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Tyler and Zack Gray didn't intend to make radiologic sciences a family tradition. It just kind of fell into place for the brothers.
However, their decisions weren't nearly as random as the choice of careers was for their father, Dr. Mark Gray, associate dean for academic affairs and associate professor of radiologic sciences at the University of Mississippi School of Health Related Professions.
At age 17, Gray was sitting in high school English when the teacher asked the class, “What are you going to do with the rest of your life when you finish high school?”
“I didn't know, but the girl sitting in front of me, I asked her, and she said 'I'm going to radiologic technology school at the University of Mississippi Medical Center. You should go,'” Gray said.
He took her advice, and the decision was a wise one. Gray was accepted into the program at 17, finished at 19 and was teaching as a clinical instructor in the radiologic technology program at 20. All the while he worked, Gray continued his education, receiving his doctorate in his 40s.
Tyler, 18 months older than Zack, said he never thought as a kid, “I want to be in radiologic science like my dad.” He was playing football at Ole Miss when an injury put an end to his focus on the sport.
“I started looking into the medical field and thinking about what Dad and my mom had been doing,” he said. “The more I thought about it, the more I felt like it was the right thing for me to do.” Mom, Melissa, who is now retired, worked at UMMC for 10 years as a mammography technologist.
Tyler said his dad was hesitant about this decision. “It's not that he didn't want me to go,” Tyler said. “He wanted to make sure I wasn't just following in his footsteps, that it was what I truly wanted to do.
Tyler didn't stop with the Bachelor of Science in Radiological Sciences program. He will receive his Master of Science in Magnetic Resonance Imaging at Friday's commencement. Since the program was transitioned from a baccalaureate certificate degree, he is in the first classes to receive a master's in MRI.
Zack thought at first that he wanted to be a nurse. He was taking classes at Hinds Community College when he decided it wasn't for him. He contemplated dropping school to enter the workforce, but his dad encouraged him to “pick something and go with it. It might not be what you want right now, but doors will open.”
“I knew that Dad, being who he was in the profession, opened a lot of doors for me. I saw that Tyler was enjoying [the program],” Zack said. “I liked it a lot more than I thought I would.” After summer, he will begin to work towards his master's degree in the MRI program, following in his brother's footsteps.
Dr. Mark Gray, center, said he is proud that his sons have followed in his footsteps.
Gray has taught both of his sons. While they are quick to say that their dad was the best teacher they had, they are also quick to tease him.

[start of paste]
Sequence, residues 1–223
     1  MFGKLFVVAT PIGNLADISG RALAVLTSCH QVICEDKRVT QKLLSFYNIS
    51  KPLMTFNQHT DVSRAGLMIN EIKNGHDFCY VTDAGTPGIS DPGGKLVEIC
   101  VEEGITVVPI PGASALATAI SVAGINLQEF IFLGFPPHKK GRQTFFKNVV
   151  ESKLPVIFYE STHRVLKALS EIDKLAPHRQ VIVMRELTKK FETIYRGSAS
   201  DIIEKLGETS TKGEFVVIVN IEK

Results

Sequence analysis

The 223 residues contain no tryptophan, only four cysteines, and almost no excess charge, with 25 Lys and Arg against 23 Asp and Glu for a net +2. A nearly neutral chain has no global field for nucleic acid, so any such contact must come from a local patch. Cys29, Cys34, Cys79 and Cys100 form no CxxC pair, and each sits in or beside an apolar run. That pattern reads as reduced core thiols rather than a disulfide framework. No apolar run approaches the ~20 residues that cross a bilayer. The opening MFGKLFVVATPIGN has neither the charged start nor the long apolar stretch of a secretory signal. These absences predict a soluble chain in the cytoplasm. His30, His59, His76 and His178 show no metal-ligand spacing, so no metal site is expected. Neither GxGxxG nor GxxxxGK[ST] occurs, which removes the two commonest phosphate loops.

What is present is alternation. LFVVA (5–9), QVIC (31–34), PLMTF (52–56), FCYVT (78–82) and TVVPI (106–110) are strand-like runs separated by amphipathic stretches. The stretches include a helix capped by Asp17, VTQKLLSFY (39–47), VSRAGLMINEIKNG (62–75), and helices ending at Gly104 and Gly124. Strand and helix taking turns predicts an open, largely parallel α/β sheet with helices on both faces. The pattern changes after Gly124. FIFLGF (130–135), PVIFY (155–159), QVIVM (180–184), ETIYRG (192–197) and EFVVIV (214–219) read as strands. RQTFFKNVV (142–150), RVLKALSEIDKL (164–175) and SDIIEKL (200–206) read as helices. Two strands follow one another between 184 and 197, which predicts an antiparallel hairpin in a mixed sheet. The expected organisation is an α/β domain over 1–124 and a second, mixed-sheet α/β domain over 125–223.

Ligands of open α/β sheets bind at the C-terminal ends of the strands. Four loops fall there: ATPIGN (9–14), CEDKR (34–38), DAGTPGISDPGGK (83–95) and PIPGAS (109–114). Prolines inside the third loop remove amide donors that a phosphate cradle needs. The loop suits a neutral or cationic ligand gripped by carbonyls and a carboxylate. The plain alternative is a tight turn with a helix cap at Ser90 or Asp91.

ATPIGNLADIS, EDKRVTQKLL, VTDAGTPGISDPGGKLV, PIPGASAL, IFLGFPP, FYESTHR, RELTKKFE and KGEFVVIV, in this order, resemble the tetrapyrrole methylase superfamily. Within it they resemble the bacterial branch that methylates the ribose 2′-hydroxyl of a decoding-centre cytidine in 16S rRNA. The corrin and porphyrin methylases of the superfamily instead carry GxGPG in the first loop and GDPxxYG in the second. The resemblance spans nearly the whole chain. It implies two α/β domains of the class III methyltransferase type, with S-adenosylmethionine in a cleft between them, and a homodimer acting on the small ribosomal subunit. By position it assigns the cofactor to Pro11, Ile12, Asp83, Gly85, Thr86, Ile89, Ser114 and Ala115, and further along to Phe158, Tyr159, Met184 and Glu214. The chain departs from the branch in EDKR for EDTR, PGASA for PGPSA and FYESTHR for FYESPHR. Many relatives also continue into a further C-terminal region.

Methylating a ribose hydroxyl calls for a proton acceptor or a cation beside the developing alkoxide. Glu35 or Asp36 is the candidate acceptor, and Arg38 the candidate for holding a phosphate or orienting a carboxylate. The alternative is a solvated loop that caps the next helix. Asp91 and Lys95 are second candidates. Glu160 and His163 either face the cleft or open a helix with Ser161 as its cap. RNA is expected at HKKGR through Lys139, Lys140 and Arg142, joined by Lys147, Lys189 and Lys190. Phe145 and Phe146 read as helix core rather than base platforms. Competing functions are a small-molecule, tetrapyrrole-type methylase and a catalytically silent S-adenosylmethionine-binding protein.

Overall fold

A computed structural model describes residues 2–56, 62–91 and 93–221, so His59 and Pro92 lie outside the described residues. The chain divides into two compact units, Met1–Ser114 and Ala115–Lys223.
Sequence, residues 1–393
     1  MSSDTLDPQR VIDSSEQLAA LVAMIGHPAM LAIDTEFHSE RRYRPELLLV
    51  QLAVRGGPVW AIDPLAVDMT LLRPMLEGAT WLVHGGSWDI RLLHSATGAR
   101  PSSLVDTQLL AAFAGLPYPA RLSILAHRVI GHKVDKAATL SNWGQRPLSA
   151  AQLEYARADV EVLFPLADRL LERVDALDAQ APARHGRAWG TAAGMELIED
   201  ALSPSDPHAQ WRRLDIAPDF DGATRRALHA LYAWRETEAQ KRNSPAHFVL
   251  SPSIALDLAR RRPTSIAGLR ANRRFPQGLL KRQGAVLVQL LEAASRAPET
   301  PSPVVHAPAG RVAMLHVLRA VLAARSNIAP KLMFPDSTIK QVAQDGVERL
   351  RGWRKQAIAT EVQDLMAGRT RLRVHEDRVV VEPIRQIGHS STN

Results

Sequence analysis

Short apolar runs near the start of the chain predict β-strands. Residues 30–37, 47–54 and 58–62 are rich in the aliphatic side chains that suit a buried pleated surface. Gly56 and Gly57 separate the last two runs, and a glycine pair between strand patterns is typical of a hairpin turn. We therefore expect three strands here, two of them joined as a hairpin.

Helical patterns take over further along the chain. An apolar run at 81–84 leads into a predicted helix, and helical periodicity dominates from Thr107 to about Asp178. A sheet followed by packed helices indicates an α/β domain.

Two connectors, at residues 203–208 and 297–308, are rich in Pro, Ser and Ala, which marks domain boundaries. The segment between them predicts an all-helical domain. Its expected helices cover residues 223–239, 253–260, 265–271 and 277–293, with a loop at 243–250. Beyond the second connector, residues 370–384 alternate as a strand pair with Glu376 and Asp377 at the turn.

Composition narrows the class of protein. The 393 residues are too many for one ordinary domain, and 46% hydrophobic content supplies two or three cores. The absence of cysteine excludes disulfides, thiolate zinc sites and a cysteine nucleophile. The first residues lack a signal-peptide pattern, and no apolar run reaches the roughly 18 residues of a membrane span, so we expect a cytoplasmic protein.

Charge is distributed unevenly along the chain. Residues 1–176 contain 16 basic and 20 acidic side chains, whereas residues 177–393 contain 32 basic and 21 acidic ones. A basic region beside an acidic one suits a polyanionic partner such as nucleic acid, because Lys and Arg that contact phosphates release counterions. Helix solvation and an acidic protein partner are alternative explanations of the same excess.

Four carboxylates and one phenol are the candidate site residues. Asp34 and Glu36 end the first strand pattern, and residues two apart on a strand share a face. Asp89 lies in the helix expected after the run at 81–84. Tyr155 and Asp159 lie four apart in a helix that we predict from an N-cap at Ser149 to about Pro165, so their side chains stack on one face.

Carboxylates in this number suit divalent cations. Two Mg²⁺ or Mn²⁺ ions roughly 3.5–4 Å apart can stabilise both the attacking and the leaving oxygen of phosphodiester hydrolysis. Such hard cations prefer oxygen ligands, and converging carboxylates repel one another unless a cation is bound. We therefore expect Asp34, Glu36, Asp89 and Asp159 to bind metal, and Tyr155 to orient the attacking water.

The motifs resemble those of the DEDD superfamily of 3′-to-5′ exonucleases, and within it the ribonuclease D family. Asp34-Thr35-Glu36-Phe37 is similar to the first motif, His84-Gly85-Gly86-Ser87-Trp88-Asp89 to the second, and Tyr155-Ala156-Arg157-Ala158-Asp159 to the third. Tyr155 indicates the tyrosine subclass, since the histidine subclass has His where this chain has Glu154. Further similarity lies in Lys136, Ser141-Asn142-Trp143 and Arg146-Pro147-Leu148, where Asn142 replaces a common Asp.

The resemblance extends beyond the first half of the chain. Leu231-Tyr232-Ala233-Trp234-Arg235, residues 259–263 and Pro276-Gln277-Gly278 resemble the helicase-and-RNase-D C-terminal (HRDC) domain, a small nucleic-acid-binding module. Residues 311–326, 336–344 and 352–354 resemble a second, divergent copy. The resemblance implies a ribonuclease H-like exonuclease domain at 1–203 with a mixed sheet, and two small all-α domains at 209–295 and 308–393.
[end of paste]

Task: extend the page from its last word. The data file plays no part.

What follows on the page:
“It's really kind of scary because he's not the best pronouncer of some anatomical terms,” said Tyler. “This year for our graduation, he is calling the names for the whole school of SHRP. So he needs to practice that.”
“I'm not that bad!” said Gray. “Some of those anatomical terms are tough to pronounce, and there is nothing wrong with a little creativity. It helps keep the students engaged.”
Despite the teasing, Tyler said that it was easy to see dad at home as a completely different person from the Dr. Gray who taught him at the university.
“It was very easy to go to his class, though, and look at him as a teacher and not dad,” he said. “It was literally that much difference in the classroom. At home, he's just my goofy dad. Here, he's serious. I had no trouble switching that over and seeing him as a teacher and paying attention.”
For Gray, he had the same reservations about teaching his children, but he found that “lecture mode” turned his focus to the material and to ensuring that the whole class was engaged in the information he was presenting.
“It turned out to be a natural process, where very seldom would I look at them and think, 'That's my son,'” Gray said. “I saw them as another student in the class.”
In Tyler's opinion, his dad is the best teacher he's had. “For real, he is. I can go into his test and know, if I have paid attention throughout the lecture, I'm going to make a B. With a little study, I make A's on pretty much every test. I just absorb it. It's the way he teaches.”
Gray said that both of his sons are good students, bias aside. “What I love the most is that they truly enjoy this profession,” Gray said. “I can see it in their activity and hear it in their voices. They have bright futures ahead of them.”
Tyler, who works now in computerized tomography at St. Dominic's Hospital in Jackson, has set his eyes on medical school as the next goal. He will begin taking prerequisite classes next semester. Zack currently has a student job in UMMC's Radiology Department. After earning his master's, he hopes to become a teacher in the program, just like his dad.
Now that his sons are through the program, Gray will set aside teaching to focus more on the administrative aspects of his job as associate dean.
“I decided to step away from the face-to-face classroom, so when Zack finished today, I told them it's my last lecture,” Gray said.
“I'm glad my dad stayed,” said Zack.
“The students are going to miss a good teacher,” said Tyler.
Wondwosen Kassahun Yimer
Dr. Wondwosen Kassahun Yimer is an assistant professor in the Department of Data Science at the University of Mississippi Medical Center. His research interests encompass both statistical methodology and applications. In his pr
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